American miscalculations in the Middle East

Published 26.02.2019 21:40
Updated 27.02.2019 00:45

In recent years, the United States has been following contradictory policies toward Middle Eastern countries. The American government began to become dependent on two Gulf States for their regional policy, namely the United Arab Emirates (UAE) and Saudi Arabia. In spite of the changes both within the U.S. and the Middle East, the U.S. misreads the most recent regional developments and does not want to accept the new realities of the region. On the one hand, the capability of the U.S. and therefore its capacity to control regional developments has dramatically decreased. In other words, the U.S has been experiencing a clear decline in its hegemony, since it faces difficulties in constructing a regional system. On the other hand, almost all regional countries have increased their power capacities and developed their economies. Accordingly, countries such as Saudi Arabia and Egypt have been following diversified and multidimensional foreign policies, which has decreased their dependency on the U.S.

It seems that Saudi Arabia has been considered as one of the main pillars of American policy towards the Middle East. However, the U.S. government misreads the Saudi state since it does not take into consideration that both the U.S. and the Saudi kingdom have changed significantly. For instance, even though the U.S. is the main weapons supplier, China is the largest trade partner of Saudi Arabia. Therefore, Riyadh enjoys a special relationship with China and does not support anti-Chinese American policies. During his latest visit to Beijing, the Saudi Crown Prince Mohammed bin Salman (MBS) defended China's right to put the Uighur Muslims in concentration camps and claimed that China has the right to struggle against terrorism and to carry out deradicalization work for its national security. While the Saudi crown prince considers China's policy as a struggle against terrorism, the U.S. government has been highlighting Chinese human rights violations.

Ongoing cooperation with the Saudi regime has been increasingly costly for the Trump Administration and the cost will continue to increase. Although the Saudi violations of human rights in domestic politics and its interventions into regional crises have been criticized by the world, in many states, Saudi executions are not questioned. For example, an official Saudi team executed the Saudi journalist Jamal Khashoggi at the Saudi Consulate in Istanbul. The whole world knows that the journalist was executed on the instructions of MBS and he is responsible for the execution. The Khashoggi case still continues to negatively influence the perception of Saudi Arabia, yet Trump has failed to directly criticize MBS regarding this matter.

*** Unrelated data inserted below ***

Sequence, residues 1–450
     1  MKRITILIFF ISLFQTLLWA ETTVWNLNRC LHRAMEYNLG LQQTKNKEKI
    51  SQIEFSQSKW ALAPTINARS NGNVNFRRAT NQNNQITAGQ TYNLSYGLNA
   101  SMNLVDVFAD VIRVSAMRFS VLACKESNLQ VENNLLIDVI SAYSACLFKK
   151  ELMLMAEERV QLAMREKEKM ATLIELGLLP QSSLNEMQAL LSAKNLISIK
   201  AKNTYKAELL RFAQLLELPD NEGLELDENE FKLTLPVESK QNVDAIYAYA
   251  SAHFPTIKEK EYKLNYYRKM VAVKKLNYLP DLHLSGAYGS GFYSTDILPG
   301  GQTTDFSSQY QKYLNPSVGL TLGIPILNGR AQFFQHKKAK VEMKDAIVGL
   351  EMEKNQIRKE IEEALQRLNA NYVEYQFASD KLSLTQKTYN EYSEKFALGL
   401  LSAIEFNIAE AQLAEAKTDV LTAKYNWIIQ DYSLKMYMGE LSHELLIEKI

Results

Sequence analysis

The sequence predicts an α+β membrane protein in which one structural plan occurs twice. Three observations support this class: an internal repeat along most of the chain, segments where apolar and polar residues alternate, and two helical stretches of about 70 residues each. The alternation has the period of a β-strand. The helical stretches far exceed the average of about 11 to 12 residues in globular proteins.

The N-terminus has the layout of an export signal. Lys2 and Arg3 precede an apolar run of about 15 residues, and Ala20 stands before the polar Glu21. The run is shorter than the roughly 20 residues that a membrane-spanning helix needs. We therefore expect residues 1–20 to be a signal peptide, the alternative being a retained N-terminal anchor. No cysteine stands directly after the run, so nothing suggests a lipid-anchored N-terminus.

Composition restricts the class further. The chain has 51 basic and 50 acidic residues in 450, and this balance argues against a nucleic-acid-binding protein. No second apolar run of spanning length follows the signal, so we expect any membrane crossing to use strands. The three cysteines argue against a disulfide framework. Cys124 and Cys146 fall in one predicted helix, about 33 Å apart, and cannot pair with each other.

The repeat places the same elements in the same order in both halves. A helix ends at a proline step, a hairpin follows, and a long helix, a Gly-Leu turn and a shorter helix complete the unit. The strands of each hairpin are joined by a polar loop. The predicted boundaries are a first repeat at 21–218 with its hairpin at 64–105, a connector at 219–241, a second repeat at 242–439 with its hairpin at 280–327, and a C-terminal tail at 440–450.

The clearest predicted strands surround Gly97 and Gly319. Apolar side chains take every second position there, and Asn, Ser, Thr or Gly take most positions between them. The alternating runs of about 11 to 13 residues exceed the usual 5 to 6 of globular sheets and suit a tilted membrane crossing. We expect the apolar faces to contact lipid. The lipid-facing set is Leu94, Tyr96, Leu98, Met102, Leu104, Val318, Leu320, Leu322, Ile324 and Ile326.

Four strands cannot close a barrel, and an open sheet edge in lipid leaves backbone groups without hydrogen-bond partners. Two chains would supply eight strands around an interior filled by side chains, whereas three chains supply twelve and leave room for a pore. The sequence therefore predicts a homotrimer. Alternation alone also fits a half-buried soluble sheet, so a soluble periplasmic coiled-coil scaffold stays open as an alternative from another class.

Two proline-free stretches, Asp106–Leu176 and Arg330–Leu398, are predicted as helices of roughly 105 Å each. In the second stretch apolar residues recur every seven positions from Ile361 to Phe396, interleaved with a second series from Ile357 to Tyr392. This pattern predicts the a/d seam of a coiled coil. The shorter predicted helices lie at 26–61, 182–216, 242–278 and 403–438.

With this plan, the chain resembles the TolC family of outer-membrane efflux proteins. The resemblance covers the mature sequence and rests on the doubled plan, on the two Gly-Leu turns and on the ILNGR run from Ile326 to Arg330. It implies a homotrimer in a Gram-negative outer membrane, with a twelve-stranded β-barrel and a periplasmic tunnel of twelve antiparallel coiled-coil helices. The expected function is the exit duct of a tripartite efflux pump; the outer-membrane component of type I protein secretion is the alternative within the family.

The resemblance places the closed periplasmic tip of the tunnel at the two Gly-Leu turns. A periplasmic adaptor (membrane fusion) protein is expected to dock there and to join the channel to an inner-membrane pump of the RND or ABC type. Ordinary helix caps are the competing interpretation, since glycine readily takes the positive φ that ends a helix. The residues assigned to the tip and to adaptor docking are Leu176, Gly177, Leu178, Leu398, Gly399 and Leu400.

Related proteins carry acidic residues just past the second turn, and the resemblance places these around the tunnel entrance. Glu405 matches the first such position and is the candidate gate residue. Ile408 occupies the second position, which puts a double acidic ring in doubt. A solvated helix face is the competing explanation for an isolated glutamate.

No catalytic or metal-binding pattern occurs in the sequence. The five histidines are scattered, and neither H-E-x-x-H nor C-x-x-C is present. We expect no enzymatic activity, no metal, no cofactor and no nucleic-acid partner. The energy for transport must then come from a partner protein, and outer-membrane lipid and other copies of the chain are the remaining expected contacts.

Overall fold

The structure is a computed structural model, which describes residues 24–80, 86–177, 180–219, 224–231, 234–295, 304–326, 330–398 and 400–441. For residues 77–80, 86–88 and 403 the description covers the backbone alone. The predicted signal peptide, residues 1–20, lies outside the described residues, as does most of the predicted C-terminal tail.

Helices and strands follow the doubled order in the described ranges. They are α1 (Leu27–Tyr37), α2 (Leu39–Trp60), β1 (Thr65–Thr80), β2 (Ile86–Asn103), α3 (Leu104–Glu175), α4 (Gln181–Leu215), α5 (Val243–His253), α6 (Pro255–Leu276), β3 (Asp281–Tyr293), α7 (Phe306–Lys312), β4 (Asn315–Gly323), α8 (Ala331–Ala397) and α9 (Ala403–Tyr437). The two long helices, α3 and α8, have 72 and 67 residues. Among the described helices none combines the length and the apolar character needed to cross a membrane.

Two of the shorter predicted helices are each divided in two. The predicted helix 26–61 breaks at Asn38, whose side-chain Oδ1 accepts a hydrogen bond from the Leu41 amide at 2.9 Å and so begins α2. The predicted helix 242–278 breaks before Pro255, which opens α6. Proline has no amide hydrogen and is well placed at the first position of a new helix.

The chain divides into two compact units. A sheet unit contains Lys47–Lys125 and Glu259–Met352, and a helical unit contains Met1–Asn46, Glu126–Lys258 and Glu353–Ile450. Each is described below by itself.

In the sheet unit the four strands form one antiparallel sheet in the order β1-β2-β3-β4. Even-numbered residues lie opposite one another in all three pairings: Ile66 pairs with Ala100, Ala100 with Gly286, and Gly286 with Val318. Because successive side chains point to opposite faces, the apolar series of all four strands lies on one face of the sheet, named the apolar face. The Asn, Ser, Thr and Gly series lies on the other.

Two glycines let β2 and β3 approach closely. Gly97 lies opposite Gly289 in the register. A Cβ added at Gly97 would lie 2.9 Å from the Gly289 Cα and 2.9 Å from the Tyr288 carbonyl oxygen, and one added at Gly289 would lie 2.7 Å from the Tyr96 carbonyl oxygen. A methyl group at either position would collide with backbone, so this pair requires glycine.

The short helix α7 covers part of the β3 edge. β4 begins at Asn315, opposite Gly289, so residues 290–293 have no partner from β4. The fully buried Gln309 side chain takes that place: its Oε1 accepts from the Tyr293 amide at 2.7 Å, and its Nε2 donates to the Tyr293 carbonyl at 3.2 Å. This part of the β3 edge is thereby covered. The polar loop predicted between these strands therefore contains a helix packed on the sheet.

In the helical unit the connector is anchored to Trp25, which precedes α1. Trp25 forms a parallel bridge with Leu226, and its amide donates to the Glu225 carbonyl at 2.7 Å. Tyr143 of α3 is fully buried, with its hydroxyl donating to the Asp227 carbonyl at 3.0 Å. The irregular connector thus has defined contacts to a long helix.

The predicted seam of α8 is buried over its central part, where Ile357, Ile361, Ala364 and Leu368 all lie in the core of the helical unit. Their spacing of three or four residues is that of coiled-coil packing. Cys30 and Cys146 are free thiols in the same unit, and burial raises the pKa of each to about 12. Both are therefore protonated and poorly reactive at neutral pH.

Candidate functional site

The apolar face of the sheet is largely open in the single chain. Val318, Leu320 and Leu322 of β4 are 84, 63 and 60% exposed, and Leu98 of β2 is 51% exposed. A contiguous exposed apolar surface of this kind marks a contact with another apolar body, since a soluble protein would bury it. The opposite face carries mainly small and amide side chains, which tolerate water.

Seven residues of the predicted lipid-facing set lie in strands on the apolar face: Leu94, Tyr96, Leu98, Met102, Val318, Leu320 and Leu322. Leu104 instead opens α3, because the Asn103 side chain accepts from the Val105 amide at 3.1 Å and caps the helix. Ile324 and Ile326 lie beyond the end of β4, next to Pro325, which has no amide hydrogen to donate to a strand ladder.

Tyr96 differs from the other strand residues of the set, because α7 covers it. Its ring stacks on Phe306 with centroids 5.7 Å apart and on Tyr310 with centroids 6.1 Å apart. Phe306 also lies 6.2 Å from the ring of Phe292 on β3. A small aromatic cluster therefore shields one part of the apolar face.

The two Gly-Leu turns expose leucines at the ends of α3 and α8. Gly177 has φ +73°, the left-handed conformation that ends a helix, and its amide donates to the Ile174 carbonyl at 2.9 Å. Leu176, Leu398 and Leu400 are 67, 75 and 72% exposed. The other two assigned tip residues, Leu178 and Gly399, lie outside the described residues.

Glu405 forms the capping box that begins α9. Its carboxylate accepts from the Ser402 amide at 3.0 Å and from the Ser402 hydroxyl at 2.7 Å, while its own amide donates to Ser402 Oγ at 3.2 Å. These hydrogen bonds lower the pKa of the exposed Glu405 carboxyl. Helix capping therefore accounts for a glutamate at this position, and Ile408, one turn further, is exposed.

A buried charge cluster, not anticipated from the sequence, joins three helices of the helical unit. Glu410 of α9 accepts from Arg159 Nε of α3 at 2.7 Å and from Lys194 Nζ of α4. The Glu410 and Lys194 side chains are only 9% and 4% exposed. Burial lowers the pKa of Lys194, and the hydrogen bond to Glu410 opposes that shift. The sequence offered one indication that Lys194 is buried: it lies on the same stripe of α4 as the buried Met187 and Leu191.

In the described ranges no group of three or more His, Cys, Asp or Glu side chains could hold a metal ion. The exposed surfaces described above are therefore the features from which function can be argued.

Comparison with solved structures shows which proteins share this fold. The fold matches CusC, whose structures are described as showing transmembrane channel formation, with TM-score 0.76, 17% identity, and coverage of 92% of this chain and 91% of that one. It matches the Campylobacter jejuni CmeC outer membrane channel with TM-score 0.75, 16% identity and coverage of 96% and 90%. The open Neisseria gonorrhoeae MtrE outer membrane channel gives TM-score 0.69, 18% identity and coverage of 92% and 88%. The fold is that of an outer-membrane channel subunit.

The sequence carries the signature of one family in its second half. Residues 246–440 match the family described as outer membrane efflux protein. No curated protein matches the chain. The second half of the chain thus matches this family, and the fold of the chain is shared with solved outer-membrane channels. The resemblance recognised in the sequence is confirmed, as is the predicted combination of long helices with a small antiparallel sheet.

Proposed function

Furthermore, the Saudi government continues to violate human rights in the Yemen crisis and kill thousands of innocent Yemenis. Many Western countries such as Germany and Canada began to take measures against the Saudi kingdom, including sanctions, due to human rights violations. Again, the U.S. has been silent about the human rights violations in Yemen.

Another American ally that causes problems and is a burden to U.S. policy is Egypt. This former heavyweight regional player has been experiencing many political, economic and social problems. After being dependent on the UAE and Saudi Arabia, Egypt was relegated as a proxy of its two financial backers. As part of the realization of the Emirati and Saudi regional project, the government of Abdel-Fattah el-Sissi has been otherizing the Muslim Brotherhood and executing innocent people based on some alleged claims. The U.S. government and most Western countries continue to support the el-Sissi regime, in spite of all its atrocities.

On the other hand, while the U.S. has insistently been supporting the most oppressive regimes in the Middle East, it has been continuing to alienate Turkey, its only NATO ally in the Middle East and the only functioning democracy in the region. Still the U.S. government prefers to problematize the democratic deficit in Turkey instead of criticizing the violators of basic human rights and international law. The U.S. had been facing difficulties in defending Israeli atrocities; now it has to defend the atrocities committed by several authoritarian regimes. All these developments will shape future balance of power calculations in the region. In the long term, the current American policy in the Middle East is self-defeating and therefore fruitless.

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